Recent health equity-focused work under The Demographic and Health Survey (DHS) Program

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Data for Impact (D4I) held the first webinar in a series focusing on health equity in global health monitoring, evaluation, and learning (MEL) on September 29, 2022, at 9am EDT.

Health equity is achieved when everyone has a fair opportunity to live the healthiest life possible. This requires development approaches that are responsive to differences in peoples’ experiences based on gender, race, socioeconomic status, and other factors. MEL plays a critical role in fostering equitable global health programs and policies. High-quality data can help stakeholders better understand current health inequities, promote equity-sensitive program approaches, measure progress towards equity, support accountability for equity, and raise awareness about actions that affect health equity.

This webinar featured two staff members—Shireen Assaf and Jeff Edmeades—from The DHS Program. They presented two DHS studies that discuss inequalities in child health indicators and access to and use of digital resources.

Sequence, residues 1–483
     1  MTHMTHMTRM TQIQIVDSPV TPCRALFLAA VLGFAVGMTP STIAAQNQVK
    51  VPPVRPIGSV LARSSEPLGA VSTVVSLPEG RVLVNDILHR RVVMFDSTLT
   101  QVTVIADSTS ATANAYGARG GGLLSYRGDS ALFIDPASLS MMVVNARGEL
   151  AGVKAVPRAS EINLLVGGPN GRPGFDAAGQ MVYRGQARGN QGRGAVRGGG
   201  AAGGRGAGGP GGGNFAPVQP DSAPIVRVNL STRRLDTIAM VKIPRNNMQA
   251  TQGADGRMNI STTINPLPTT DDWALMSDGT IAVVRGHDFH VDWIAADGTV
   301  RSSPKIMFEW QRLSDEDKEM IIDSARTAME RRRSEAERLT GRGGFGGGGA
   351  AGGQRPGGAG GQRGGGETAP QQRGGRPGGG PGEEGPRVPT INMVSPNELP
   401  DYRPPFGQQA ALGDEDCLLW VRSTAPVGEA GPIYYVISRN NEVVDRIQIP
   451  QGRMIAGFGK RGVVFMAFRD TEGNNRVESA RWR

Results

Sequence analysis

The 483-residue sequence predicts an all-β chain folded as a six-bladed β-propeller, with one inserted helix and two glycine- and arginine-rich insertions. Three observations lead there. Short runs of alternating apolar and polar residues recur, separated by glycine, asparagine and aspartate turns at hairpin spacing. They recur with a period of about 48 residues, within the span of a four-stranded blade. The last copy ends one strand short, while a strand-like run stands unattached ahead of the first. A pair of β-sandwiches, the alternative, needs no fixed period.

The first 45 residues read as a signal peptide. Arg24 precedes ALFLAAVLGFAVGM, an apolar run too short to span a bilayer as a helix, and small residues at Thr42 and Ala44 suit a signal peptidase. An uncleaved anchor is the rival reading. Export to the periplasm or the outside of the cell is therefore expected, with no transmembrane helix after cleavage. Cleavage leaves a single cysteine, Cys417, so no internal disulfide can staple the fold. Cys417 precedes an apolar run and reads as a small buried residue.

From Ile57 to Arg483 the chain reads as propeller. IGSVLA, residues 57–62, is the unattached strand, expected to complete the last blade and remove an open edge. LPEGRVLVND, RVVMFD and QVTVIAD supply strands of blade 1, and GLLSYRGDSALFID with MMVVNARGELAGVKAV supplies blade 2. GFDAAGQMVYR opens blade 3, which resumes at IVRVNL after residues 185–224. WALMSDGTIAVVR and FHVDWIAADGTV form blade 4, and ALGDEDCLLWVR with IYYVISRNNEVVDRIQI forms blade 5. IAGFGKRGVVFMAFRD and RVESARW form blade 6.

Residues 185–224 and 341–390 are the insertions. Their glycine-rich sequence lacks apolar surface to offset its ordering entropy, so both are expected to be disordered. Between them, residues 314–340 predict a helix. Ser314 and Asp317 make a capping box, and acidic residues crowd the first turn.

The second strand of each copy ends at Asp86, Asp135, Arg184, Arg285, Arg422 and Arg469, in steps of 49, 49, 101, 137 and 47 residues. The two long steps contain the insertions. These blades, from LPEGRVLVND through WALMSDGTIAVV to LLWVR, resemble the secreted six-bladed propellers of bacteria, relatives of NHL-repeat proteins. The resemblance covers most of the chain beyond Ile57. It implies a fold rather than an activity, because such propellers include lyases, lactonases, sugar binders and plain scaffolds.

Watch the webinar, and see a description for each presentation below.

Urban poverty and child health indicators (Shireen Assaf)

This report examines within urban disparities in several child health indicators including place of delivery, food and liquids given during diarrhea, vaccination, breastfeeding timing after birth, and nutrition. Within urban disparities were measured using a UN-HABITAT definition to define urban poor and urban non-poor areas. Six countries from sub-Saharan Africa were used in the analysis including the Democratic Republic of the Congo, Ethiopia, Kenya, Nigeria, Tanzania, and Uganda. The analyses show large disparities between urban poor and urban non-poor for several child health indicators, with significant differences found for health facility delivery across all countries and for underweight in five out of the six countries. The results highlight the need for targeted urban programs and continued investments in infrastructure to address within urban disparities and ensure equitable access to health services and resources for all urban dwellers.

Gender digital divide (Jeff Edmeades)

Information and communication technologies (ICT) have become an integral part of people’s lives in most parts of the world and have tremendous potential for improving health outcomes. However, there is a persistent ‘gender gap’ in access and use of digital technologies, with women lagging behind men. In terms of health, this may mean that women have less access to information and health services, though the evidence for this is mixed. In this study, we document the gender digital divide across 23 countries and then explore how access to and use of digital resources is related to a range of health outcomes for both women and men.